A customer in the shop, laughing and joking, excited at flying his plane to the Lower 48. We finished mods to it, and then, being a slow day, I went back and with the guys, watched him take off, pleased at a job well done and happy to have a great customer. His plane flashed by, gathering speed on the runway, and lifted off into the lightly gray cloudy sky. And then, he was gone.
Broke up midair, they say, in a thunderstorm over Indiana. No fault of ours, nothing to do with our work (and Lord knows, the FAA was through our shop for a thorough investigation anyway, to make sure all bases were covered.)
Last summer*, a 206 taking off from Merill Field, and something didn't sound quite right. By the time he passed the old tower, he was spitting flames out the exhaust, and shedding parts. He passed over, and tried to turn back. He didn't have enough lift to turn, and slid right out of the sky, below the rooflines - and then a loud BANG. A cloud of dark dense black smoke roared up, billowed and smeared across the sky, and the silence was filled by the wails of sirens as fire and police and ambulances rushed to the scene - though the pilot and his wife were beyond help.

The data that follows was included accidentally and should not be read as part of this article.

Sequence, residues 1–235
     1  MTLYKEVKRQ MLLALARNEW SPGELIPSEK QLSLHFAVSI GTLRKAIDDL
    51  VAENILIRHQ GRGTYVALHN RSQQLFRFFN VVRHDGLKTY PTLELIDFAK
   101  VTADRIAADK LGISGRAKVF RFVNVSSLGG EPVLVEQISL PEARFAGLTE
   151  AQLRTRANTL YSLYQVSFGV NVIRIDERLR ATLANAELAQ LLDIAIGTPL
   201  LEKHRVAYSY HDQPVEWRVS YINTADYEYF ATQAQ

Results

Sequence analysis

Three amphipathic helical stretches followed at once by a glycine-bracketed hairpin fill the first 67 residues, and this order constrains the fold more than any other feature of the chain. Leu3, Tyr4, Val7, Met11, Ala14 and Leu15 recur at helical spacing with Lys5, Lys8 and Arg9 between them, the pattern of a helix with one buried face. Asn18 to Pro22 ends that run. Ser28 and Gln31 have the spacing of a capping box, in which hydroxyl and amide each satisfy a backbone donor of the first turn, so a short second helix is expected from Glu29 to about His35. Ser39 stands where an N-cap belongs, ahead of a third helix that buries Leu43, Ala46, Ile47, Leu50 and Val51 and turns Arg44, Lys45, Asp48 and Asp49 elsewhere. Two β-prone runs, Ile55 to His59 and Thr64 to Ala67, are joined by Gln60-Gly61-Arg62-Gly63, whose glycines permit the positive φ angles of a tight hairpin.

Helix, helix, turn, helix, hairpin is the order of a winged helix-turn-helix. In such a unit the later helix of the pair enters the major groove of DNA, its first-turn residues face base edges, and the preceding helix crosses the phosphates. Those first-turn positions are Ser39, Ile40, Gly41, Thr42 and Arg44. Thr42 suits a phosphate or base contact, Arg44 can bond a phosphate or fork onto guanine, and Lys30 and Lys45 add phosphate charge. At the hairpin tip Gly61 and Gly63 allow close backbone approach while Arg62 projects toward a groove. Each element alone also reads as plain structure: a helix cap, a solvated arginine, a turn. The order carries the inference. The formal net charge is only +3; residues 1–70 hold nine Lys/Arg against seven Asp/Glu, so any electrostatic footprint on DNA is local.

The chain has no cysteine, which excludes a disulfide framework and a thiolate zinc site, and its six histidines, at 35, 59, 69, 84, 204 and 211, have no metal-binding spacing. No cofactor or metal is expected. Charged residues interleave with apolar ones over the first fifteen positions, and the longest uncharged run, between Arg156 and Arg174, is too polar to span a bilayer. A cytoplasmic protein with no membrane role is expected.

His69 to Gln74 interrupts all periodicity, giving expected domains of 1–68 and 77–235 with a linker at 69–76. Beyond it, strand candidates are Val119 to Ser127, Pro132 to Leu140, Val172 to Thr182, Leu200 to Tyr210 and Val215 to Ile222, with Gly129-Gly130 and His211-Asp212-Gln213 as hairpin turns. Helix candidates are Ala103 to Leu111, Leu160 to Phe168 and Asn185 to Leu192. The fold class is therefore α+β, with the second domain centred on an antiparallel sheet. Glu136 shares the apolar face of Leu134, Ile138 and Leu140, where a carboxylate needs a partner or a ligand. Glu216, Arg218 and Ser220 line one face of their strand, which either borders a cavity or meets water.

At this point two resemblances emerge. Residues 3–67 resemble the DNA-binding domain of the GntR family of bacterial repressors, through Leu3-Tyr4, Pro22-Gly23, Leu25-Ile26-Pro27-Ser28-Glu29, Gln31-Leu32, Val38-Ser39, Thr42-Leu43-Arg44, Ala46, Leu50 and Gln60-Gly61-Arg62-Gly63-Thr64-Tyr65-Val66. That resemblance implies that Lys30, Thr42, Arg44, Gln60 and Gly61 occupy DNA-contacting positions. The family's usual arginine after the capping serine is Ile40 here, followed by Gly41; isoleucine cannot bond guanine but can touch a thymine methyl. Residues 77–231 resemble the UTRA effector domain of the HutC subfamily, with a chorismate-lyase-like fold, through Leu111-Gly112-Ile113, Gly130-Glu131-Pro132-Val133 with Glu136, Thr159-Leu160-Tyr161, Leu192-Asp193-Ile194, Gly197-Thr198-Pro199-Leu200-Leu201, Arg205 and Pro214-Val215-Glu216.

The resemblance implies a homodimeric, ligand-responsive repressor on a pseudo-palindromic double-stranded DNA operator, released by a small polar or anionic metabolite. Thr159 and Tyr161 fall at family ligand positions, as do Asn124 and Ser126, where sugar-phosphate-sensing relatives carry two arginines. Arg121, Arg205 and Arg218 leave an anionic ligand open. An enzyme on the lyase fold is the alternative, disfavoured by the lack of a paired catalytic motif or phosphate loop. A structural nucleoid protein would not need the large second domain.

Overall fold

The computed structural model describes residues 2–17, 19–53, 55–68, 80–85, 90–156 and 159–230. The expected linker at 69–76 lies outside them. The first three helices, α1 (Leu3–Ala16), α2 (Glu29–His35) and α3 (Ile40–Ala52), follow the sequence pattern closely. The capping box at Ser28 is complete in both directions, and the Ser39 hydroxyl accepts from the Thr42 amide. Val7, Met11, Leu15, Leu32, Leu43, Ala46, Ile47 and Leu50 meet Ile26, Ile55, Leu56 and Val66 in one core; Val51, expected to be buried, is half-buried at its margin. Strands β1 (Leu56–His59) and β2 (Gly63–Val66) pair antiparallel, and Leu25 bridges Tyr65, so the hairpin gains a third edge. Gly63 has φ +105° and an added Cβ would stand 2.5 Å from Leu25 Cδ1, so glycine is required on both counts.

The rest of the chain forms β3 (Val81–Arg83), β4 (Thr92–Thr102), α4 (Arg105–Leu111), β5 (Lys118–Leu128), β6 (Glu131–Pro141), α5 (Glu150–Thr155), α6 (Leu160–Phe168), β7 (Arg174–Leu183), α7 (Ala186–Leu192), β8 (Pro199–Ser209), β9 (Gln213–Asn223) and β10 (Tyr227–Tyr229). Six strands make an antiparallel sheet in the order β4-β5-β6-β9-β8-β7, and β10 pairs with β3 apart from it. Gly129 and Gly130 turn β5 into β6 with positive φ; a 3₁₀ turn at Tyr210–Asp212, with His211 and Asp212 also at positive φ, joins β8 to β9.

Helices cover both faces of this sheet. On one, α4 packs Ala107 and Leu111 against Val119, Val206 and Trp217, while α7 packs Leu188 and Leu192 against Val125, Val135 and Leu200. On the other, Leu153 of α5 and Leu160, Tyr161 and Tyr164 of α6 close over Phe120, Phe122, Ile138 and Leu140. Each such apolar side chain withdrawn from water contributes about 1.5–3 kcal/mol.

This afternoon, I was sitting in the break room, putting my twisted ankle up for a break, when I heard a sound that was just wrong. Too low, too loud. As I struggled to get my swollen foot back in the boot, I heard that BANG you never want to hear in your life. By the time I got outside the hangar... the 206 was already gone.
And then... I called my husband, and went home. Because no matter how often I may be exposed to the naked face of how brief and short and precious life truly is, it still hurts. I will not cringe from opportunities in fear of catastrophe, but I cannot callously brush it off as I go on.
People get hurt and die. And then... Then, we must pick up the pieces, and strive to learn from what came before. Do not let arrogance, ignorance, or fear blind you to lessons to be learned, and applied.
I pray to God that there may be survivors, and that they may recover as well as able, and that I may learn from this and not follow that pilot's footsteps.
*Edited to add: Correction, this was October 1. A bright, sunny, blue-sky day, but not summer.